These are also known as Personal Computers. These type of digital computer uses a microprocessor (a CPU on a single chip) and include both desktops and laptops. These computers can work on small volume of data, are very versatile and can handle variety of applications. These computers are being used as work stations, CAD, multimedia and advertising applications. Small portable computers such as PDAs (Personal Digital Assistants) and tablets with wireless computing technology are increasingly becoming popular.
A microcomputer is a small, relatively inexpensive computer with a microprocessor as its central processing unit (CPU).It includes a microprocessor, memory, and minimal input/output (I/O) circuitry mounted on a single printed circuit board.Microcomputers became popular in the 1970s and 1980s with the advent of increasingly powerful microprocessors. The predecessors to these computers, mainframes and minicomputers, were comparatively much larger and more expensive (though indeed present-day mainframes such as the IBM System z machines use one or more custom microprocessors as their CPUs). Many microcomputers (when equipped with a keyboardand screen for input and output) are also personal computers (in the generic sense).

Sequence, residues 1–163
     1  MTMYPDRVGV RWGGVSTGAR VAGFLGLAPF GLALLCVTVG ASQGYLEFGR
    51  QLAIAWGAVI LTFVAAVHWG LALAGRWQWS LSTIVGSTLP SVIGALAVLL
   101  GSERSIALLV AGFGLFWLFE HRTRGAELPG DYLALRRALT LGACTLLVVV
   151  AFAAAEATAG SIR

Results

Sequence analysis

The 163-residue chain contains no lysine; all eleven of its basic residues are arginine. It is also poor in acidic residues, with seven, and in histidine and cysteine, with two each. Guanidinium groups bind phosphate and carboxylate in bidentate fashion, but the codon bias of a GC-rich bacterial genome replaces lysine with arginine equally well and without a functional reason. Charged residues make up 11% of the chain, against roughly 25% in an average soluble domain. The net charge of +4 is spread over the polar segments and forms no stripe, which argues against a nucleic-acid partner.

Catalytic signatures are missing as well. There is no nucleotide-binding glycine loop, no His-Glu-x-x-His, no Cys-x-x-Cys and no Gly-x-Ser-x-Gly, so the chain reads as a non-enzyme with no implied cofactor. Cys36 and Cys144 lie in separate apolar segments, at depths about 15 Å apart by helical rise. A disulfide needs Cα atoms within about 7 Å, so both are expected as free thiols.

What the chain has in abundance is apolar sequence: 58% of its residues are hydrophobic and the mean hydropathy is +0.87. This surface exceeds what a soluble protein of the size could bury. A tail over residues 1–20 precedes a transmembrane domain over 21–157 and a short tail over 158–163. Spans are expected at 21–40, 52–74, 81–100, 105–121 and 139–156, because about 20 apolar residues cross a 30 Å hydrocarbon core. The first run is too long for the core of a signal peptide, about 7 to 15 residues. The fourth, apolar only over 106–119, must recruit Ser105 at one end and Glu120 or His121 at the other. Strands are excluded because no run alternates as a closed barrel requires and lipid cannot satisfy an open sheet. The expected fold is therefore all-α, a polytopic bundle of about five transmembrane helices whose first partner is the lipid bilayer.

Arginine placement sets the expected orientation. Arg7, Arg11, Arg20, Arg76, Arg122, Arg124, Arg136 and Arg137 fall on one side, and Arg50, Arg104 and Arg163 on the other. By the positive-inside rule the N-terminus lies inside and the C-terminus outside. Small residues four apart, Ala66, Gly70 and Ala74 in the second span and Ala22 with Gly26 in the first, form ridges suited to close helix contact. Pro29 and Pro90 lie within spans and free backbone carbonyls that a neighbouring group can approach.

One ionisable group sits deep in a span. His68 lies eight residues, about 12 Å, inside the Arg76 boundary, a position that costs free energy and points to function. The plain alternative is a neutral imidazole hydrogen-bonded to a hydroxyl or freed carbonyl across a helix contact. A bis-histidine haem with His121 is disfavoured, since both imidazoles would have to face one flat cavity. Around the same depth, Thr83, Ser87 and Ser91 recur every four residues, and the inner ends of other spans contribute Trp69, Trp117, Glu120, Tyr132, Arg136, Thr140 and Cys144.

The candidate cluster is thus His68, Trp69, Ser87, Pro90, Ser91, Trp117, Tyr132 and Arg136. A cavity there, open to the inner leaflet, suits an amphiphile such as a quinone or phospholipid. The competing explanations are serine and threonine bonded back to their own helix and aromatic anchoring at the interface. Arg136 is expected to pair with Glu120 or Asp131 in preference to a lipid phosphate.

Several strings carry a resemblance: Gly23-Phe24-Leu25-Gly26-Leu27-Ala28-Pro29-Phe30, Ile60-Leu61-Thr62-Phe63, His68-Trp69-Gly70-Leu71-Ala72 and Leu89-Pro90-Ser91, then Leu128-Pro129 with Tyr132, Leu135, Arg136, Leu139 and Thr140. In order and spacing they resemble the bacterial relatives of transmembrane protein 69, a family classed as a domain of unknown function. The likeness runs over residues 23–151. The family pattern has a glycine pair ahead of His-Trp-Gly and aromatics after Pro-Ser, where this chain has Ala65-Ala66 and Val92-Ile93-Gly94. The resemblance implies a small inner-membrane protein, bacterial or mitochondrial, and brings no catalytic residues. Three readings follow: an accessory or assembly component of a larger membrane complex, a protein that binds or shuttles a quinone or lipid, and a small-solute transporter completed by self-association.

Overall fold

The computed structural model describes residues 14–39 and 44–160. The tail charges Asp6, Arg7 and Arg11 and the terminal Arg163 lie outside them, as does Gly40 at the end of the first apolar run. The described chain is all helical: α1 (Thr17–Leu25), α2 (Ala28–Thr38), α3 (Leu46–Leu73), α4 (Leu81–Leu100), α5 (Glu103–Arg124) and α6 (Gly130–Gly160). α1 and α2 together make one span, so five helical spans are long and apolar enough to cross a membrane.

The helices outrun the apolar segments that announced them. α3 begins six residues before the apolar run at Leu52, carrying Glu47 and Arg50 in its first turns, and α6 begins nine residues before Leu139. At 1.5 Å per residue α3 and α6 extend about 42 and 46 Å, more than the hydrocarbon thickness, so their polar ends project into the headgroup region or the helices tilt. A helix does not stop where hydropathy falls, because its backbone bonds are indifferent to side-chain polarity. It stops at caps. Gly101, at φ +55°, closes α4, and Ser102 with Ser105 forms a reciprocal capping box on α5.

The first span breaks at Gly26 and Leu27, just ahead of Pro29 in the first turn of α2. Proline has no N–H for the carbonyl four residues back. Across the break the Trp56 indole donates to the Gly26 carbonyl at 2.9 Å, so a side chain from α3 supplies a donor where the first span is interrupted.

The first microcomputer was the Japanese Sord Computer Corporation‘s SMP80/08 (1972), which was followed by the SMP80/x (1974). The French developers of the Micral N (1973) filed their patents with the term “Micro-ordinateur”, a literal equivalent of “Microcomputer”, to designate a solid state machine designed with a microprocessor. In the USA, the earliest models such as the Altair 8800 were often sold as kits to be assembled by the user, and came with as little as 256 bytes of RAM, and no input/output devices other than indicator lights and switches, useful as a proof of concept to demonstrate what such a simple device could do.